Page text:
The East Village was one of the most eccentric spots in Manhattan in the 1980s. It was run-down, abandoned buildings were everywhere, and it was a lot of fun. It's been gentrifying slowly but surely ever since, but it's nice to reflect on the days when it still resembled the Wild, Wild West.

To an out-of-towner or pretty much anyone unfamiliar with the ways of the East Village, the above street scene probably seems fairly mundane. A bunch of ratty shops in some ancient tenement, long gone and long forgotten.

To people who do know a thing or two about New York City and the East Village, they know exactly why this photo was taken.

Downtown Beirut!

We're going to do a quick then-and-now of First Avenue between 9th and 10th Streets, NYC.
Downtown Beirut, NYC, 1980s randmomusings;
Downtown Beirut, NYC, the 1980s.
What was Downtown Beirut? A bar in Manhattan. You can describe it in various ways, but probably the most accurate is that it was a classic dive.
Downtown Beirut, NYC, 1981 randmomusings;
First Avenue between Ninth and Tenth Streets, ca. 1981.
As a dive, Downtown Beirut had a lot of company. Some of its peers were Hogs and Heifers in the Meatpacking District (1992-2015 RIP), Scrap Bar, Union Square’s bar/restaurant the Coffee Shop (1990-2015 RIP), and, well, I could go on for a while. But this isn't about them, it's about Downtown Beirut.
NIGHT AT DOWNTOWN BEIRUT, video by Mike Enright
A long city block from Tompkins Square Park, Downtown Beirut acquired an offbeat reputation. If you stayed late enough, some girls in halter tops and boots might get up and dance on the bar. The jukebox was renowned for having a great selection of tunes you were pretty unlikely to hear elsewhere. Want to play some pinball at 2 a.m.? Downtown Beirut was your spot.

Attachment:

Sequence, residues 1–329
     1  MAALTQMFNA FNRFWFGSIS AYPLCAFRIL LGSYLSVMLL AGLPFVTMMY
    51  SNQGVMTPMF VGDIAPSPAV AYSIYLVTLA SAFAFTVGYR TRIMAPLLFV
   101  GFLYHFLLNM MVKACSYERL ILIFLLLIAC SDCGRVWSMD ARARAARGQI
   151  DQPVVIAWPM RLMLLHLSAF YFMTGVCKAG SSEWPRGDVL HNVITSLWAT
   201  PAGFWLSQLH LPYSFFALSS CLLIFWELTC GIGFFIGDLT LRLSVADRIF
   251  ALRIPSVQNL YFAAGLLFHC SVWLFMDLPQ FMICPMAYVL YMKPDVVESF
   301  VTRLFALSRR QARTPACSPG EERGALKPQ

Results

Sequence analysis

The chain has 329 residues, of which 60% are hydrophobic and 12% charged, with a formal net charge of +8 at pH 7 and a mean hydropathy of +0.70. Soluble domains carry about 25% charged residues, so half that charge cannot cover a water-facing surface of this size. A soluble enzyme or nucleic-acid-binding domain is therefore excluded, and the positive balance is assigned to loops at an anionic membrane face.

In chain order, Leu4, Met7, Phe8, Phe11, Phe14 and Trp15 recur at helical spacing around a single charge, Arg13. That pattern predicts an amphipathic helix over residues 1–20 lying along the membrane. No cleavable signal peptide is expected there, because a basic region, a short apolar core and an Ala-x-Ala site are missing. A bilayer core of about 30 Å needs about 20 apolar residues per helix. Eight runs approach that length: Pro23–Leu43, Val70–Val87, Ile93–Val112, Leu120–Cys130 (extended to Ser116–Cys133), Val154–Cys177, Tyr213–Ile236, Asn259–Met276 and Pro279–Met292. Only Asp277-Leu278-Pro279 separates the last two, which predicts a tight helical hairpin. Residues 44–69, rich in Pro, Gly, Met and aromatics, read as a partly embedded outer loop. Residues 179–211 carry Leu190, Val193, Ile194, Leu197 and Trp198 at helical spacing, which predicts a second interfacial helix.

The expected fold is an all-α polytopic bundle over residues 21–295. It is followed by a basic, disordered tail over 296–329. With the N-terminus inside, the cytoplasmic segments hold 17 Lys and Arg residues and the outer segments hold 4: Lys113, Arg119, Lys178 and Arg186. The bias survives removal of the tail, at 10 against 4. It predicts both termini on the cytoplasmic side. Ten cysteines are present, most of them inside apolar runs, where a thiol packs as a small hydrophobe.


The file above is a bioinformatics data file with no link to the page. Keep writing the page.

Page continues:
Downtown Beirut, NYC, ca. 1990
Downtown Beirut, NYC, ca. 1990.
For such a quirky East Village dive, a lot of people still remember Downtown Beirut fondly. For instance, it was featured in "Come Here Often?: 53 Writers Raise a Glass to Their Favorite Bar" by Elissa Schappell. Mike Enright made a video about it. The New York Times included it in a 2012 list of "Manhattan's Most Mourned Bars." When you start poking around on the Internet looking for beloved New York bars of the past, "Downtown Beirut" always seems to pop up. That's no small feat considering the thousands of little hole-in-the-wall joints that come and go in the Big Apple.
Downtown Beirut, NYC, ca. 1990
It's 3.a.m., do you know where your children are? A clip from a deleted scene from "Night At Downtown Beirut," video by Mike Enright
Unless you've lived in New York, you might not understand how these neighborhood joints served a need. The heavy metal crowd could hang out together at Scrap Bar, the models could sit at Coffee Shop's amazing bar and hold court and then walk over to a table and have some grilled shark (it's very salty), and the punk crowd could spend a few hours at Downtown Beirut. It wasn't that far from CBGB, you could catch Patti Smith and then walk over and play something on the jukebox. It was nice to have a place to just be among like-minded folks and maybe all sing "Have a Holly Jolly Christmas" together in July just because you could. Why? Well, if you have to ask... 
First Avenue between 9th and 10th Streets, NYC
First Avenue between Ninth and Tenth Streets, June 2019 (Google Street View).
Well, New York buildings are eternal, especially in the East Village. The building was built in 1920, so it just celebrated its centenary. Yay 2020! It will probably still be there in 2120, too, because those old buildings never go away. It's what gives New York its charm.
Downtown Beirut, NYC
The best jukebox in town! Downtown Beirut.